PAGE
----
Budget Battles, 2015 Edition
By David TaylorPublished October 22, 2015By David Taylor 10/22/2015
September 30th Congress passed a short-term spending bill postponing a possible shutdown until December. (1) October 1, 2013 the government shut down for 16 days when Congress failed to reach an agreement on a budget for the fiscal year. During the 2013 shutdown hundreds of thousands of federal employees were out of work without pay, nonessential departments and employees were furloughed, V.A. benefits were disrupted, and The United States suffered an estimated 24 billion dollar loss as a result of the shutdown (2)
Despite the prospect of another shutdown looming, Republicans in the Senate threatened to attach an amendment defunding Planned Parenthood to the continuing resolution agreement. This move from the Right wing of the Republican Party is in part a response to several leading Republican Presidential Candidates calls for the removal of federal funding for the nonprofit. However without sufficient unity within the party, the coming resignation of Speaker Boehner (3) and a potential political nightmare with being linked to the shutdown, an attempt may be made to cease funding for Planned Parenthood through a process known as budget reconciliation. This would allowed Congress to pass a bipartisan spending bill to avoid a shutdown, while leaving the issue on the funding of Planned Parenthood for another day. An option remains for congressional Republicans to pass a reconciliation bill, possibly forcing the President to veto. (4)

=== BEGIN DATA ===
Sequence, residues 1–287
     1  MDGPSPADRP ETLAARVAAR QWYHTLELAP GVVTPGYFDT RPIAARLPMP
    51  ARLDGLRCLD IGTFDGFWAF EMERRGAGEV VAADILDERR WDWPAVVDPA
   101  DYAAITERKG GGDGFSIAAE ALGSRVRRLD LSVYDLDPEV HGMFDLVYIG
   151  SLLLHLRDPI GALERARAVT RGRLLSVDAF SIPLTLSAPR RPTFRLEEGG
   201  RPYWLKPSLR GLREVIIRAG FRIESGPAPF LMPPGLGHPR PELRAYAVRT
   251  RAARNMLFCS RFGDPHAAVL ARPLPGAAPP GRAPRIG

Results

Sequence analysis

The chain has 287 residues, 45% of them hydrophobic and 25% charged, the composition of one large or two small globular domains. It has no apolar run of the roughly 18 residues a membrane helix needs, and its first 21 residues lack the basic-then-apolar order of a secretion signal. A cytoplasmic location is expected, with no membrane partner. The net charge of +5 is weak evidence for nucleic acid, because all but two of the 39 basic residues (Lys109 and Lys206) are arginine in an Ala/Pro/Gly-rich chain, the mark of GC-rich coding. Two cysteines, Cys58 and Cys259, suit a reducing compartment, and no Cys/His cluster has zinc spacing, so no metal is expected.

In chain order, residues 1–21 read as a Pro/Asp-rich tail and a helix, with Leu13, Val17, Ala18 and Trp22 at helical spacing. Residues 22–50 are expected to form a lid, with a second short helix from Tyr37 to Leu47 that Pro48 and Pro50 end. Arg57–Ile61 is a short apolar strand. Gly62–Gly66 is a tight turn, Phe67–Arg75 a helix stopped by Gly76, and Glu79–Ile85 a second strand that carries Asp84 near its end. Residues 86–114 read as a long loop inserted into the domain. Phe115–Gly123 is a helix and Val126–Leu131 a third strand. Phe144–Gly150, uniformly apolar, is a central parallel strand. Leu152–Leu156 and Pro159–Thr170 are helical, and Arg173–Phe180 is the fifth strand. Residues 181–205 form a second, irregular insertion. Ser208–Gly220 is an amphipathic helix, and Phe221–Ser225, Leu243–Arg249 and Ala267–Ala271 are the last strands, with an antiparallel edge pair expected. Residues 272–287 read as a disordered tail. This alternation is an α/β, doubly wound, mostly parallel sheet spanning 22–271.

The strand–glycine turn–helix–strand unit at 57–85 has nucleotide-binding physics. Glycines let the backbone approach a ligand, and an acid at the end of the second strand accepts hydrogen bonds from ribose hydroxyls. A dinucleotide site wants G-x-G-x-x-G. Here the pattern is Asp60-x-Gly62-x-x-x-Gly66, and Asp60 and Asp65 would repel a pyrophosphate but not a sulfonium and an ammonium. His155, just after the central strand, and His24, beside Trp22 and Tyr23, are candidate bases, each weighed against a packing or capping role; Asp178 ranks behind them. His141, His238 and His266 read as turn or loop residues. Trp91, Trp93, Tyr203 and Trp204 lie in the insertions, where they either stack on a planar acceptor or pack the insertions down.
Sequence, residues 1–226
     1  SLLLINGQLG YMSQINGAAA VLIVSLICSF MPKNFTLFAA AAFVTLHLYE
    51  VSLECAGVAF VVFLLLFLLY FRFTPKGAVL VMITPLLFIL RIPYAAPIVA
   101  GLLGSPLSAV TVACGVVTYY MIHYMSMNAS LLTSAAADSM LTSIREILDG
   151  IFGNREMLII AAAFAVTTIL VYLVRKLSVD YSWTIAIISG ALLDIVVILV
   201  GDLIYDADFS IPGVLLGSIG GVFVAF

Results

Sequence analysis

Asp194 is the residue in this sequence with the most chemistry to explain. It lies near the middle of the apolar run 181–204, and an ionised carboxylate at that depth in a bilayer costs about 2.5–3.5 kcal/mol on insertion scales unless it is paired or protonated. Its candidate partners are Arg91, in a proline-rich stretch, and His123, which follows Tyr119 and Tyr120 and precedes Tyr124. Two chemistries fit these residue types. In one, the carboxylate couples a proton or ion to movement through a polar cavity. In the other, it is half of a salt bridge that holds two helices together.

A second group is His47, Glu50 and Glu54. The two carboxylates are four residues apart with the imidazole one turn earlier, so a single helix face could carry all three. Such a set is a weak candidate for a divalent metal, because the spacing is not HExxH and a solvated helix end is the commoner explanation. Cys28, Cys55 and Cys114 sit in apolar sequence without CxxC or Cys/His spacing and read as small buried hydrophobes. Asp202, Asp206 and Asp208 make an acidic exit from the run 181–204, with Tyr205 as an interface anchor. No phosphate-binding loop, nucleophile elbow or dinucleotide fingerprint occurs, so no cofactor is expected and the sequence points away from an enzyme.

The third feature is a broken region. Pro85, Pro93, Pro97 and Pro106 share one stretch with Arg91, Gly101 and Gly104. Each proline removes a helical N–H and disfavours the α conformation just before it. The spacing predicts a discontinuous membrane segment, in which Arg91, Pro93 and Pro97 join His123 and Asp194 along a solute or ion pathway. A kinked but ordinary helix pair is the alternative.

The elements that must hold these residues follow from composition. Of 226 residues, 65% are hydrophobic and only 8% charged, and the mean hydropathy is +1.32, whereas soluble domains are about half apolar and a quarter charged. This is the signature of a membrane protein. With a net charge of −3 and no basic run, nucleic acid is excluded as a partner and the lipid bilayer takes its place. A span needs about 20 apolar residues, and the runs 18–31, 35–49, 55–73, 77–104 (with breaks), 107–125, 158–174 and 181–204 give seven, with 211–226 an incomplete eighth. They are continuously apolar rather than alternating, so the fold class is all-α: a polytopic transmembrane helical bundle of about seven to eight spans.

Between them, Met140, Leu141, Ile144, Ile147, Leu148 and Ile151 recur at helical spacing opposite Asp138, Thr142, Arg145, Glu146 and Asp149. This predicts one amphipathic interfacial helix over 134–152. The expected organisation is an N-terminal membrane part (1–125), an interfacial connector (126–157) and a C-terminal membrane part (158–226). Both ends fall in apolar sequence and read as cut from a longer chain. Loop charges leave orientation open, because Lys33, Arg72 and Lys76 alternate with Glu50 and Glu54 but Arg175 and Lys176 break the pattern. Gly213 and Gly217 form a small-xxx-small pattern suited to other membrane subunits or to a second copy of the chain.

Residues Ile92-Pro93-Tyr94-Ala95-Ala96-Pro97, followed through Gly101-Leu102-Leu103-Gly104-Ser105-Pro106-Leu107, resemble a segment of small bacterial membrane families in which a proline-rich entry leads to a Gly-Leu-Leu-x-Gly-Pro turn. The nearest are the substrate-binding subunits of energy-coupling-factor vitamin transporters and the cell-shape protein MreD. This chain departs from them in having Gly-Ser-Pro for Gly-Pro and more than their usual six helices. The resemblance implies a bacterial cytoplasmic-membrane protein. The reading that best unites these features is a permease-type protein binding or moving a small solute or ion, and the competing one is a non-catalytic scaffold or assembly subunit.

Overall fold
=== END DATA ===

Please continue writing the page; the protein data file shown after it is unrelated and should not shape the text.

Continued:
This round of budget negotiations marks another event in a continuing trend where partisan gridlock halts the budget process and complicates the legislative process. In 2013 when the republican leadership attempted to defund Obamacare by keeping the budget hostage the costly shutdown was damaging both economically and politically for the party. These dangerous and radical political maneuvers by more radical members of the Republican Party are creating a legislative environment that are bending Congressional rules that threatens the effectiveness of the federal government. While arguments over the budget fall under the constitutional responsibility of congress, this responsibility has been abused as a platform for issues and agendas that haven't gotten through a normal legislative process.